The webcam placement means inviting your video conferencing guests to shots of your double chin.

The touchpad is similarly responsive, reacting well to multi-finger gestures, two-finger tracking, and palm rejection. The click is a bit louder and clunkier than we prefer, but we became used to it. There are laptops with better inputs, such as Lenovo ThinkPad X1 Carbon or even the Surface Book 2 — but the XPS 15 is no slouch.

The webcam is more of a problem. In case you haven’t heard, the webcam on these XPS laptops has moved beneath the display, so you’ll be inviting your video conferencing guests to shots of your double chin, nostrils, and massive troll hands while typing. It’s a choice that was a bit easier to forgive on the cheaper, more mainstream XPS 13. But for a laptop that could be used regularly for business conduct, it’s a bit more of a compromise. For some this will be a deal-breaker, but others will never end up turning it on to find out how bad the angle really is. At least it’s centered this time around.

1080p is less desirable, but do you really want to pay for 4K?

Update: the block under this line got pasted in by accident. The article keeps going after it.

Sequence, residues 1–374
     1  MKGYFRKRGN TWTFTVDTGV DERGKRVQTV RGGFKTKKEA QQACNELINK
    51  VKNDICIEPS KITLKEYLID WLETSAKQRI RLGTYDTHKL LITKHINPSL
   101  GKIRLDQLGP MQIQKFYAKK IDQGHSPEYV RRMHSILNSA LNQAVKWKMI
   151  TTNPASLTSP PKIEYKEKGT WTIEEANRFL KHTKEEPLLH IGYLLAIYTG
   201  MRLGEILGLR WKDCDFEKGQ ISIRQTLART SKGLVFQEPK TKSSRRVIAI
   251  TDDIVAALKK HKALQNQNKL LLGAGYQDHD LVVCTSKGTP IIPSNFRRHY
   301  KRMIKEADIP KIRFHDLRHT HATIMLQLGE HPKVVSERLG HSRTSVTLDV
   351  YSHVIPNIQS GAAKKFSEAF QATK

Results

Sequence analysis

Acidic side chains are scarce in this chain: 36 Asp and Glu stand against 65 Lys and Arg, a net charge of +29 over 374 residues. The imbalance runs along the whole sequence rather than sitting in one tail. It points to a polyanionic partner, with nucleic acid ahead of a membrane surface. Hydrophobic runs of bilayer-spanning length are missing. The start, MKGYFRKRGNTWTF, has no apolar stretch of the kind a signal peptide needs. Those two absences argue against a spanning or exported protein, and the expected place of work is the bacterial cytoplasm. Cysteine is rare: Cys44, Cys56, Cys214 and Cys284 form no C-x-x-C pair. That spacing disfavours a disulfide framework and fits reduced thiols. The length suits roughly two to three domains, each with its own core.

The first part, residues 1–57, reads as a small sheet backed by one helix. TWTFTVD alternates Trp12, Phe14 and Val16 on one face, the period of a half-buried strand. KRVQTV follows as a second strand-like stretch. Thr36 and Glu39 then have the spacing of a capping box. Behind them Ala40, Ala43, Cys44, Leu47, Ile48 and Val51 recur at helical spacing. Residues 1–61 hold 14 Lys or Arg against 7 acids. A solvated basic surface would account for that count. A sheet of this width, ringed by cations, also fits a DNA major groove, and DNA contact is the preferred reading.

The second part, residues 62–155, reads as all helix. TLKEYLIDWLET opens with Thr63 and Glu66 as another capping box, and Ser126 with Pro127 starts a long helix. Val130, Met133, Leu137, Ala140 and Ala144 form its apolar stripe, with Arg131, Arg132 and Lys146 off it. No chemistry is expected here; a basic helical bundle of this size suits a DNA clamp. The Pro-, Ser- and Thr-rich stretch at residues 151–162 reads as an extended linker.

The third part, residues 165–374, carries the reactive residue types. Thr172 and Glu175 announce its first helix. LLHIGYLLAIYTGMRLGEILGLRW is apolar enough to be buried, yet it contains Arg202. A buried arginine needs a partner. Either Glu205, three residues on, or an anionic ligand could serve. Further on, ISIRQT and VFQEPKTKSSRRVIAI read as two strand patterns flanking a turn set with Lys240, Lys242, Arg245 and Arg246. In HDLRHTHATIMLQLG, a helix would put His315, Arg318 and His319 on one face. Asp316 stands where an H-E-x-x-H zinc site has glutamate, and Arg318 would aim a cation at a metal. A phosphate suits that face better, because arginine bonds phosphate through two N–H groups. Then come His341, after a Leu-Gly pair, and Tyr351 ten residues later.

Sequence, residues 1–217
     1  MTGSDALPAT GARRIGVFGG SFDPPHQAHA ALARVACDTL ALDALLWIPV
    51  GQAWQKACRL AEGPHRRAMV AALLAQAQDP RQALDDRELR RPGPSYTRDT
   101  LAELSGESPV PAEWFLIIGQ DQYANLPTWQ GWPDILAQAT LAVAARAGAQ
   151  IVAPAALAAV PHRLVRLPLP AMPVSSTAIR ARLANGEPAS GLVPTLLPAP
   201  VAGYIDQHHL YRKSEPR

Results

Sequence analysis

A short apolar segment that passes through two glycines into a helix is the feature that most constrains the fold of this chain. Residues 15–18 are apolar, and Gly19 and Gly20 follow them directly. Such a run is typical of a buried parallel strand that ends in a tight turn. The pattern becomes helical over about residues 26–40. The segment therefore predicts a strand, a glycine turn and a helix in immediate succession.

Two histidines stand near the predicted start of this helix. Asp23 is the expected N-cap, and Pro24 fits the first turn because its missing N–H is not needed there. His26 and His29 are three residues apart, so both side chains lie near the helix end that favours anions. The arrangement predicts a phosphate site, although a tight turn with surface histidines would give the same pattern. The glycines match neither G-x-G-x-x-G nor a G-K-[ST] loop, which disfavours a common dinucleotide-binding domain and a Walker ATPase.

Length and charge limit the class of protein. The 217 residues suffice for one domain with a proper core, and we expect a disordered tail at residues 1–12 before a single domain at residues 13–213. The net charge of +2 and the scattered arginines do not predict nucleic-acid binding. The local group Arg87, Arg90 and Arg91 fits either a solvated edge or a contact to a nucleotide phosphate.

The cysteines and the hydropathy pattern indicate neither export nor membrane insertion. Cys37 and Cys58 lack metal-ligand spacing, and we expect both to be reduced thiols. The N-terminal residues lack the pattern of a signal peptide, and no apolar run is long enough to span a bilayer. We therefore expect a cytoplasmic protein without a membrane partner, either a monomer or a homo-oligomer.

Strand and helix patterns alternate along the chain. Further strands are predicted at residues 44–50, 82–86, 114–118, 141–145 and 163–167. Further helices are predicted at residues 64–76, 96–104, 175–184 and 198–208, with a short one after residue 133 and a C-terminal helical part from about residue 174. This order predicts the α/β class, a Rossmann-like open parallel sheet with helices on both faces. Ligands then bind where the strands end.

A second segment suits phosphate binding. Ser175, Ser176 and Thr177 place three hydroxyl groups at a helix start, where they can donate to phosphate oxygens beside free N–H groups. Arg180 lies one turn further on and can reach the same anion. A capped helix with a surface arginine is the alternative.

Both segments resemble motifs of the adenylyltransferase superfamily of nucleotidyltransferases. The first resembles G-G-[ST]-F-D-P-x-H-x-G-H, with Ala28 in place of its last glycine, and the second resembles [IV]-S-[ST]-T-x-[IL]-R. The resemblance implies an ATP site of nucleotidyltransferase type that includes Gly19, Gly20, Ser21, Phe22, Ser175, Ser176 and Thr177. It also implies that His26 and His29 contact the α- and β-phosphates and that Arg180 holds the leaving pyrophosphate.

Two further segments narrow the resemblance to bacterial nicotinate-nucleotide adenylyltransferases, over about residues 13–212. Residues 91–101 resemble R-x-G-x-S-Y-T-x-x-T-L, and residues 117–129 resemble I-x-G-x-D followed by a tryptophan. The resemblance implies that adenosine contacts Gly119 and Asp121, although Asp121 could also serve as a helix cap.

The XPS 15 comes in either a 4K or 1080p variant, the latter being the one we tested. Opting for the less impressive screen nets you a significantly discounted price, and provides better battery life.

How does it perform? Well, unlike the XPS 13 — where the quality of the 1080p and 4K panels are in the same ballpark — the quality of this panel dips. It’s bright, maxing out at 397 nits, has a high contrast ratio, and even has a decent color gamut. However, it does have a few issues.

As you can see in the graphs above, the screen Dell chose for the 1080p model has a high rate of average color error at 3.32. It’s not so bad you’ll notice in daily usage, but it should be enough to make photographers and videographers worry. This can no doubt be lessened with calibration, but that’s not ideal in a brand new, $1,500 laptop.